The lifetime limit on the amount that can be transferred from the beneficiary’s 529 account to a Roth IRA is $35,000. So, once you’ve transferred a combined total of $35,000, no more can be rolled over from a 529 plan to a Roth IRA.

Related: Child Tax Credit FAQs [What Every Parent Needs to Know]

Other Options For Unused 529 Plan Funds

books education graduation saving 529 esa coverdell

What if you don’t want to transfer unused funds in a 529 account to a Roth IRA? Of course, you can withdraw the money and spend it on non-qualified education expenses. For instance, if you need the money for a down payment on a house, that money might come in handy. However, you’ll probably have to pay taxes and penalties on the earnings associated with those funds.

If you want to avoid taxes and penalties, there are basically four other things you can do with leftover money in a 529 plan.

Want to learn more about investing, spending, taxes, and more? Sign up for WealthUp’s free newsletter: The Weekend Tea.

1. Transfer Unused 529 Funds to a Family Member’s 529 Plan

family UTMA custodial account

Leftover 529 plan funds can be transferred to a family member’s 529 account without triggering any taxes or penalties. You can also simply change the beneficiary to a member of the original beneficiary’s family.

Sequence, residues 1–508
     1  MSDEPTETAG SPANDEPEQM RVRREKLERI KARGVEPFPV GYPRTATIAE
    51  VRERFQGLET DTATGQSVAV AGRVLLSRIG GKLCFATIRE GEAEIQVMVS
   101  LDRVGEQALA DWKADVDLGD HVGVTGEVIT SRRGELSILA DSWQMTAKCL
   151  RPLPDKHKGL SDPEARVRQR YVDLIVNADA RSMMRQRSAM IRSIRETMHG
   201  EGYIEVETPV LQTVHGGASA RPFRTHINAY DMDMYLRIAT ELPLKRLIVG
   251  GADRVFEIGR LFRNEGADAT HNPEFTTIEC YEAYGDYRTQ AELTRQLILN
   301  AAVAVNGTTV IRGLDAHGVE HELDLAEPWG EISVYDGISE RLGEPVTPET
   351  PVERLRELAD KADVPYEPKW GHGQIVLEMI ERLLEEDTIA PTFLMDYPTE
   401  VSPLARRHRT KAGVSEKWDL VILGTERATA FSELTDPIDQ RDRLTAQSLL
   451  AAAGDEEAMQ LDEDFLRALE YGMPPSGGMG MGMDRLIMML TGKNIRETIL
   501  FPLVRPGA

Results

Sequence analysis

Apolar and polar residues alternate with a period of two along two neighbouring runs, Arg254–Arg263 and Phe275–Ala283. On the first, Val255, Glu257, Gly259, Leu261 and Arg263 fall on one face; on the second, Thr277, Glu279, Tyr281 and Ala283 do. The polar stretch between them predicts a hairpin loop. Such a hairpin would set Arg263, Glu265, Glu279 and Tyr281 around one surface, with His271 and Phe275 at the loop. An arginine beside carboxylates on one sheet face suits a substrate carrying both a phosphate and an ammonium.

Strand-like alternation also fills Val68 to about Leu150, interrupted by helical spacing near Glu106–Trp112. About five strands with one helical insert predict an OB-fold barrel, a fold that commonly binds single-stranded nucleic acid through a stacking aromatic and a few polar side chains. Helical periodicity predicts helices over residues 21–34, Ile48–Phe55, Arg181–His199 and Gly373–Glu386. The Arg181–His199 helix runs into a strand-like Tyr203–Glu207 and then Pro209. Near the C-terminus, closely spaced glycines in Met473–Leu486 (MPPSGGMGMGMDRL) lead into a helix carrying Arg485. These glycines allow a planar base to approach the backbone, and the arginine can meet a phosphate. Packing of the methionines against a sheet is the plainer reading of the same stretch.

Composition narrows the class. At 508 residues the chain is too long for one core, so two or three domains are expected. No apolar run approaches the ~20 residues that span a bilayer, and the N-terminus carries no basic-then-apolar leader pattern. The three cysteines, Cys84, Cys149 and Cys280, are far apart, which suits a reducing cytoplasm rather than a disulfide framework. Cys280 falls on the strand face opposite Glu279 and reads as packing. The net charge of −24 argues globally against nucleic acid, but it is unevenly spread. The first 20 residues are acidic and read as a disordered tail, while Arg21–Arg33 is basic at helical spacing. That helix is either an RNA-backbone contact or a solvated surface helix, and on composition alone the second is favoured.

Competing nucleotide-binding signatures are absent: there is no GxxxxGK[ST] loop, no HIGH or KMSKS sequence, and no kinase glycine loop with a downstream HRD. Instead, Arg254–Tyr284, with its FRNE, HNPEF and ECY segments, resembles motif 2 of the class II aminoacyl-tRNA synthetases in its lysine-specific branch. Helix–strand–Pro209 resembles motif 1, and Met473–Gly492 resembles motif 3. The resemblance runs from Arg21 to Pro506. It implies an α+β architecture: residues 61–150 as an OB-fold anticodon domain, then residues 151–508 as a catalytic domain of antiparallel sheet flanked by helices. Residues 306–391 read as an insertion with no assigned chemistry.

However, taxes and penalties will still be due if the money eventually is used for something other than qualifying educational expenses.

Transfer Unused 529 Funds to a Family Member’s ABLE Account

best kids savings accounts piggy bank money

Excess funds in a 529 plan can also be moved to a family member’s ABLE account, which is a savings account for people with disabilities.

However, if you’re transferring money from a 529 plan to an ABLE account, make sure you don’t exceed the ABLE account’s annual contribution limit.

Pay Student Loan Debt With Unused 529 Funds

student loan deduction dollar bill

As noted earlier, money in a 529 plan can be used to pay up to $10,000 of a beneficiary’s student loan debt. It can also be used to pay up to $10,000 of student loan debt owed by the beneficiary’s sibling.

The $10,000 cap is a lifetime limit, not an annual one. It’s also a per beneficiary limit, not a per account limit. Payment of a sibling’s student loan counts against the sibling’s lifetime limit, not the beneficiary’s limit.

Related: Should You Invest or Pay off Student Loans?

WealthUp Tip: The student loan interest deduction is reduced by the amount of student loan interest paid with tax-free earnings withdrawn from a 529 account. However, the deduction isn’t impacted by interest paid with 529 account contributions.

Leave Unused 529 Funds In Your Account

investing money growth startup

Since there’s no time limit on using money in a 529 plan, you can always leave excess funds in a 529 plan account to use in the future. The beneficiary might eventually decide to take additional courses, attend graduate school, or even pass the leftover funds on to children of their own.

Related: The Best Fidelity ETFs for 2024 [Invest Tactically]

best fidelity etfs